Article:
by Paul Flemming
Imagine an ice cream parlor on a hot August Sunday afternoon. Patrons crowd the store and spill out the door into the 97-degree sun. Customers wanting fudge ripple, mint chocolate chip and plain old vanilla are asked to take a number from the dispenser on the counter to determine their place in line.
Imagine further that there's not enough ice cream to accommodate everyone. And before customers are allowed even to take a number for service, they must show receipts proving they've bought cones in December from this very store. Today they'll only be allowed to buy as much frozen concoction as they have a track record of buying throughout the year.
And, of course, the price for a single dip is about twice what it was when you bought the same cone last year.
That imaginary scenario is a reality for construction-industry businesses in the market for wallboard and clay brick.
"We're on tight allocation" for wallboard, said Norman Hill Jr., part owner of Allied Manufacturing Company Inc.
"On allocation we're getting 60 to 65 percent of what we need, roughly," said Warren Louderbaugh, manager of Meek's Insulation and Drywall. "Some contractors wait a week to 10 days to get their drywall."
In other areas of the country the wait is longer, up to a month.
"I had a customer from Texas who came through on vacation. He saw we had it and stopped to haul it back," said Glenn Hatz, manager of the Meek's yard in Nixa. "It was gold to him."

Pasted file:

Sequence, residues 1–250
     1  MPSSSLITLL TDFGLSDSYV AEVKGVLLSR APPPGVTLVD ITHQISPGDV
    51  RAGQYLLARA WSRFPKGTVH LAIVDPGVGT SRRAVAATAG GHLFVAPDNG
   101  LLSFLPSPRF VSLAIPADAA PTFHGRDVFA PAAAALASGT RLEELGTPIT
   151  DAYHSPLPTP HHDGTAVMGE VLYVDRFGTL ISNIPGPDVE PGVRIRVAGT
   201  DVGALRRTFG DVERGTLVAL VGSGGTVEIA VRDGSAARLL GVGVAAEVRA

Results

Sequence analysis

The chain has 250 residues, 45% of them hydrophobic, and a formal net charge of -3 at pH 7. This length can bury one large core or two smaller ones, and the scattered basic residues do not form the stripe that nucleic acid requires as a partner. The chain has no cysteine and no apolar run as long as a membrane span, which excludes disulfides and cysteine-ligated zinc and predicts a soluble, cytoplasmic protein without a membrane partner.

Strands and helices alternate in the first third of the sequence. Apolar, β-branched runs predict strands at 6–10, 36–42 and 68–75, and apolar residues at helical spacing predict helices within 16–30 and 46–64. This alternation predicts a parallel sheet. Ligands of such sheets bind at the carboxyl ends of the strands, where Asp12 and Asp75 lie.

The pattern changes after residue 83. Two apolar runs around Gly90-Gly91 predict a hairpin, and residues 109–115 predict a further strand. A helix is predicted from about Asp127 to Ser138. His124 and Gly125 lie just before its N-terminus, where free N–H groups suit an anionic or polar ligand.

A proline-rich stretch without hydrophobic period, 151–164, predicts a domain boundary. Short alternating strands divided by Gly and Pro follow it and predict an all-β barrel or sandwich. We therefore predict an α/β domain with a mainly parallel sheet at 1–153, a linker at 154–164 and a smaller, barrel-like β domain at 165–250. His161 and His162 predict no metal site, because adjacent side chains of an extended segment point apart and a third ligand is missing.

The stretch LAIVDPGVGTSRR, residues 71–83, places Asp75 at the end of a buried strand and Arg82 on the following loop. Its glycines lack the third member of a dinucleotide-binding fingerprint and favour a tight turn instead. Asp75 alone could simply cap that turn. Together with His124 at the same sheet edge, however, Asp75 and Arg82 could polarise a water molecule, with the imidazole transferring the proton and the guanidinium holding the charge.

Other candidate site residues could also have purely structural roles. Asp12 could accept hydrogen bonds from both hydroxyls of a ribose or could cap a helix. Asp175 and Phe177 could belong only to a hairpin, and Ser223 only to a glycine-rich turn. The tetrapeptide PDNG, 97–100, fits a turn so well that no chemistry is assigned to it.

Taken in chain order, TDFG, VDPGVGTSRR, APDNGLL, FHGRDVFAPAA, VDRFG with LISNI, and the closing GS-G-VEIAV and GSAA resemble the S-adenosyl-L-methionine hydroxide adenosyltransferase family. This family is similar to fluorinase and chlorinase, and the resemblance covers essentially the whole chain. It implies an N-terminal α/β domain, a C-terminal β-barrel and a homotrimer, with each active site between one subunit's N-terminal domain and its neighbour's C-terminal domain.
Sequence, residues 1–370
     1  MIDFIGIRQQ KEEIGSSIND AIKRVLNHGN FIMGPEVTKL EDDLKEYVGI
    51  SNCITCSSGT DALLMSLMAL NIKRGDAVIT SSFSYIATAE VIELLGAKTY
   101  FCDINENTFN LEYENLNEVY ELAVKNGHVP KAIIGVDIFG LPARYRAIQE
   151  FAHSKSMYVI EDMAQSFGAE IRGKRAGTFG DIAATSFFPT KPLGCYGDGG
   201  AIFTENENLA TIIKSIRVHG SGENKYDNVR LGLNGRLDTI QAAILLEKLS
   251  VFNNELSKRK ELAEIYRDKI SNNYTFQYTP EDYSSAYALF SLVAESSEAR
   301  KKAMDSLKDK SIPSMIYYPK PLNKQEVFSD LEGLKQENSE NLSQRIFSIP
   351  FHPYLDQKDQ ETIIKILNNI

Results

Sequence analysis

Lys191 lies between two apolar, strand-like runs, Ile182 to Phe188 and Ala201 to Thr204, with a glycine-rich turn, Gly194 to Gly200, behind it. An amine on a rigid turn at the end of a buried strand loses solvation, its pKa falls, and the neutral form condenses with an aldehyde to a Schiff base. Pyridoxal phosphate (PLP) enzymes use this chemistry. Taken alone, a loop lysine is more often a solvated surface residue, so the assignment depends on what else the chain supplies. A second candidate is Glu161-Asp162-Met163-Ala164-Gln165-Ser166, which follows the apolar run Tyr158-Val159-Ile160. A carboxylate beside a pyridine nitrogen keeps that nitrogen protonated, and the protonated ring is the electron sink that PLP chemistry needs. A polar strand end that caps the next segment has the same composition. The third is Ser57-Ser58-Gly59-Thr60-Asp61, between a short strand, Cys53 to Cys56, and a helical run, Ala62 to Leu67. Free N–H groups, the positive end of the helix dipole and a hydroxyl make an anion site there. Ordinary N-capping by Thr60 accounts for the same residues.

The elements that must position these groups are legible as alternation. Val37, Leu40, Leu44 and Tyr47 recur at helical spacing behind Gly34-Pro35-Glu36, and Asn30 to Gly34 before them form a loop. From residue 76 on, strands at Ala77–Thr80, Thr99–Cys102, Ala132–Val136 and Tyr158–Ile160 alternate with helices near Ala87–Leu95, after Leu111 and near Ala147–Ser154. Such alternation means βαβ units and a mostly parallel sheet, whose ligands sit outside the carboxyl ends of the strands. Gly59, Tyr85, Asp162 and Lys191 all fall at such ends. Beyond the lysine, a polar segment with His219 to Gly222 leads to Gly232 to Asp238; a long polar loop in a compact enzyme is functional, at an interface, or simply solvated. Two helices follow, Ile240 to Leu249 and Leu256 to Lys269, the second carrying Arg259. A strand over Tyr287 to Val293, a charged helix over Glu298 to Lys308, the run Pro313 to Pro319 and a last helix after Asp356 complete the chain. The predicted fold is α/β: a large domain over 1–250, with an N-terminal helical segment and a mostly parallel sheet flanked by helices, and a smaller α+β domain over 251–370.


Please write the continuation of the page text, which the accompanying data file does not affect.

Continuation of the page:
Allocation means sources for wallboard are limited for everyone throughout the supply chain. Manufacturers are not taking on new customers and sell only what customers have contracted for in the past.
"Board manufacturers, they won't sell to you if you haven't bought from them before," Hill said.
"The only way we've been able to keep up is because we bought quite a bit and had a pretty large allocation," Louderbaugh said.
Contractor suppliers follow the same practice.
"Our organization is allocated just so much. It's not near what it takes to take care of our customers. We're trying to hold all (of our wallboard) for our contractors," said Bob Scott, manager of Herrman Lumber Company on South Glenstone. "The trucks (of wallboard) we get in are committed to our regular customers. If somebody were to walk in off the street, you can't buy it."
The short supply of wallboard comes thanks to various contributing factors, chief among them the eight-year-long bull housing market. Recent mild winters have not helped either, as construction (and demand for construction materials) has continued unabated throughout the year, not giving manufacturers a breather to build up inventories.
The Mid-America Lumbermens Association June newsletter noted that factors within the wallboard manufacturing sector also account for the shortage.
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